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62 Saline Cycle Saline cycle group showed a pattern similar to that of baclofen control with deterioration at post-op week 4 and maintaining the same pattern at post-op week 8. Thus exercise alone may not be beneficial to improve the ga it parameters without the drug. This may lead to one conclusion that whatever changes occur in the segmental circuit that maintain the foot placement and locomotion occur w ithin the first 4 weeks af ter the injury and it remains the same and does not change later. Baclofen Control In this group we saw an increase in base of support and axial rotation at post-op week 4, but at post-op week 8, the values remained more or less similar to post-op week4. This may point out that bacl ofen alone may not be effective in improving the gait parameters and that some form of locomotor training is required as we see an improvement in baclofen cycle at post-op week 4. Baclofen Cycle At post-op week 4, the base of support and the axial rotation showed pre-injury values, but at post-op week 8 the base of support and axial rotation showed much increased value compared to the other group. The deficits observed in th e baclofen treated anim als of the present study could have occurred through changes in the activit y of these long tract or propriospinal systems: either at synaptic terminals, cell body of origin, or upon spinal interneuro ns modulating posture. It is known that baclofen modulation of the syna ptic actions of spinal ventromedial funicular fibers mediated presumably by GABAb receptors on or near axon term inals and last order spinal interneurons (Jimenez et al. 1991; Qu evedo et al. 1992). In addition, GABAb sensitive sites have been reported in vestibular and functional co mpanion nuclei that regulate the gain of the vestibulospinal reflex (Manzoni et al. 1994). Therefore, it is possible that the ITB treatment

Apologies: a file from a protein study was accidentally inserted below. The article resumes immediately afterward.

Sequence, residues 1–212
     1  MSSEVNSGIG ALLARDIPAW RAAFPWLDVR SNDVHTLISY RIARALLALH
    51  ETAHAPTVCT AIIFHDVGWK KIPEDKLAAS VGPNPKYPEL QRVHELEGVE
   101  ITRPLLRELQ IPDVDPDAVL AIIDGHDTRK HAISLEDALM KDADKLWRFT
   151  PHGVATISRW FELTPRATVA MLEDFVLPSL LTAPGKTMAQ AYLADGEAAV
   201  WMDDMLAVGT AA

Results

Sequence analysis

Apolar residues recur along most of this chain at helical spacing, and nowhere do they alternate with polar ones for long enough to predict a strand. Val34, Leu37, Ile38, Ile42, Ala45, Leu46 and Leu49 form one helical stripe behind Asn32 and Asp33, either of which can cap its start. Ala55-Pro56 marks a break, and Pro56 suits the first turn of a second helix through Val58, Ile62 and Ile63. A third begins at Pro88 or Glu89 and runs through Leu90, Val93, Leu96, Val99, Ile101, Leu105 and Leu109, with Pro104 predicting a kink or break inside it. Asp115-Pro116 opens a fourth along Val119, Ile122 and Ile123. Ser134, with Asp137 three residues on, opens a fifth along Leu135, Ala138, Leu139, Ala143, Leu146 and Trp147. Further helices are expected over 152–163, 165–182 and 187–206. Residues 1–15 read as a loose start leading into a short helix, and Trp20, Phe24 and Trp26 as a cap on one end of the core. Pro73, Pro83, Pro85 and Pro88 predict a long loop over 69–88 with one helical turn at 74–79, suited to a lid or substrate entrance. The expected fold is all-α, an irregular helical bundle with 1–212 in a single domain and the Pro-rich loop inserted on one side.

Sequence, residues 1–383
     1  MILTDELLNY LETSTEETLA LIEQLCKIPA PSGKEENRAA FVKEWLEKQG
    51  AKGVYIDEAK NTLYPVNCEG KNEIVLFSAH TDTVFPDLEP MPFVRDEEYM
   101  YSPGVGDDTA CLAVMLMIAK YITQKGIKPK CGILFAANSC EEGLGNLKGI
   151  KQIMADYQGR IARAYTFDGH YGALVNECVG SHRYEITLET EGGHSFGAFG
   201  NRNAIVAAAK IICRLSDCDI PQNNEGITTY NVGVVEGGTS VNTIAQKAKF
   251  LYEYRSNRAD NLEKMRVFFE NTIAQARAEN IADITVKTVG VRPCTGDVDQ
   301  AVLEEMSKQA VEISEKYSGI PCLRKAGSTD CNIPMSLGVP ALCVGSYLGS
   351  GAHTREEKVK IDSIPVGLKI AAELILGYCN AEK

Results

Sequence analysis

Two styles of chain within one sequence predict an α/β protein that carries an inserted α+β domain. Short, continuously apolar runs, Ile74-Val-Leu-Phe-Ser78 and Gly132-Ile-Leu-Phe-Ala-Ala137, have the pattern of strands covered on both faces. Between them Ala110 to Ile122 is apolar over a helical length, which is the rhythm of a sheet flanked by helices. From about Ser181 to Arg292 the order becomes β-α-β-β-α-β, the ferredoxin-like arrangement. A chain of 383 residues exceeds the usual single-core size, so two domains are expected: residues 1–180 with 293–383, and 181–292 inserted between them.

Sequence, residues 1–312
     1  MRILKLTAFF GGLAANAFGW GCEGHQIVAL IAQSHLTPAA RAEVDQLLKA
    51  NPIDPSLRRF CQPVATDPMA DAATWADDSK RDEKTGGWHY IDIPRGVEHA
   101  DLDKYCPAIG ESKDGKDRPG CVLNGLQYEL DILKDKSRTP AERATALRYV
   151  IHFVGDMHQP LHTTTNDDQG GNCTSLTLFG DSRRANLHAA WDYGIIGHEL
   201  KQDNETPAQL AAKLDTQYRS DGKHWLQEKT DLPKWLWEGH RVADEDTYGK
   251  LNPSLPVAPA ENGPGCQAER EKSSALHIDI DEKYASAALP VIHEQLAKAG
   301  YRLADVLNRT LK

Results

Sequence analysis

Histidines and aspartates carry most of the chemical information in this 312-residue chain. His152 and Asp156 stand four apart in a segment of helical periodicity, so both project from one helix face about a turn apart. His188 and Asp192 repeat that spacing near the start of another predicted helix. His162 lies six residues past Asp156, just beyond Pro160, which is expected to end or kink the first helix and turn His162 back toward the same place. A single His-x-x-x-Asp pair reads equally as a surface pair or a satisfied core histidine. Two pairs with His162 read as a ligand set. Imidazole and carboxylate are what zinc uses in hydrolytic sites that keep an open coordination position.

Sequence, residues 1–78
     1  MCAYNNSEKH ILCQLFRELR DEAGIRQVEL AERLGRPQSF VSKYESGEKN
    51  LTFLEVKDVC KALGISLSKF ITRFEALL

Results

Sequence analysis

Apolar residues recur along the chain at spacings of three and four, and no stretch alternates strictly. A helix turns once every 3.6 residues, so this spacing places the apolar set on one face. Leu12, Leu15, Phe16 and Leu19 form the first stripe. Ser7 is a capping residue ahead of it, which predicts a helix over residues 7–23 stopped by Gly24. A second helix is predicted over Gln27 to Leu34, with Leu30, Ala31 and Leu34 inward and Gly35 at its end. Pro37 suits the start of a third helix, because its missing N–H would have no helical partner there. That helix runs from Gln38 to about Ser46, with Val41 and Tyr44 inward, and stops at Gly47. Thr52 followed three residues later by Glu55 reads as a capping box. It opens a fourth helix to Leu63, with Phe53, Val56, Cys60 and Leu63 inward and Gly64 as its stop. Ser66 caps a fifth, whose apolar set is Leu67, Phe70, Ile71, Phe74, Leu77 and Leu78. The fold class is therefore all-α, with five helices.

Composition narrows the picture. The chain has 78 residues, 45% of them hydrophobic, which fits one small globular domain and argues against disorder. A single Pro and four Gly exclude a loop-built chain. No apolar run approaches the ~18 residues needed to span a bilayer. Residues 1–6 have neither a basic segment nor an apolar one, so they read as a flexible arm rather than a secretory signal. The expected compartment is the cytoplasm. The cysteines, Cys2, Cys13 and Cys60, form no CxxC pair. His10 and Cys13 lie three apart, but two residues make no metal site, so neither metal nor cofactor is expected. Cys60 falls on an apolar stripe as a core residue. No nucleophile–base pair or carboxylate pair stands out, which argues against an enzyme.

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63 induced changes in posture and limb axis via acti ons within the spinal cord or within neuronal sites in the brainstem that regulate posture and equilibrium. However, the differences in the time course for the changes in hind limb axis and ba se of support with improvement in post-op week 4 and deterioration at post-op week 8 may be that after the withdrawal of the drug the GABAb receptors must have up regulated but there is no ligand (baclofen) present to bind them. But this finding goes against the fact th at in baclofen cycle animal s the ankle torque showed hypo reflexia at all the time points te sted. This could mean that the drug must be acting at different anatomical sites (Wang et al. 2002 ) to have different effect on a nkle torque and footprints. Saline cycle group also did not show much improvement in the footprint parameters at post-op week 8. One of the possibilities may be that after bacl ofen pump removal, the toll of exercise may have caused some unwanted stress on the hind limb paws that might have led to external deviation of the paw leading to anatomical defect and thus increase in ba se of support and axial rotation in post-op week 8. As baclofen pump was removed after post-op week 4, but training was continued up to post-op week 8, the residual e ffect of baclofen must have prevented the bad effects of exercise. As for the baclofen cy cle group, the combination of drug and locomotor therapy prevented the early changes, but once the drug was removed, exercise alone could not maintain the inhibitory environment to prevent the changes from taking place. Neurotransmitters Saline Control Neurotransmitters like 5-HT, GAD67, GABAb and neurotropins like BDNF and GAP43 showed a decreased expression when compared to all the other groups. This may be due to the fact that these groups did not receive any loco motor training and baclof en drug. Baclofen, which is a GABAb receptor agonist, is primarily used as an anti-spastic drug and also the ankle torque and EMG data did not show any decrease in sp asticity when their torque amplitude was